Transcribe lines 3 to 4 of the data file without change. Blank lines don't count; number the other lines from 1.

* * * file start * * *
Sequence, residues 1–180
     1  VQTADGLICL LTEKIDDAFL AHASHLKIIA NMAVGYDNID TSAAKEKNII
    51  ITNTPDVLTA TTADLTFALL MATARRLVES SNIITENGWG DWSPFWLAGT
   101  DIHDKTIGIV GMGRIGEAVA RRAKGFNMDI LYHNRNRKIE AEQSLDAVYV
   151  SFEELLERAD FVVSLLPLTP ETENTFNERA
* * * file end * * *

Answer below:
    51  ITNTPDVLTA TTADLTFALL MATARRLVES SNIITENGWG DWSPFWLAGT
   101  DIHDKTIGIV GMGRIGEAVA RRAKGFNMDI LYHNRNRKIE AEQSLDAVYV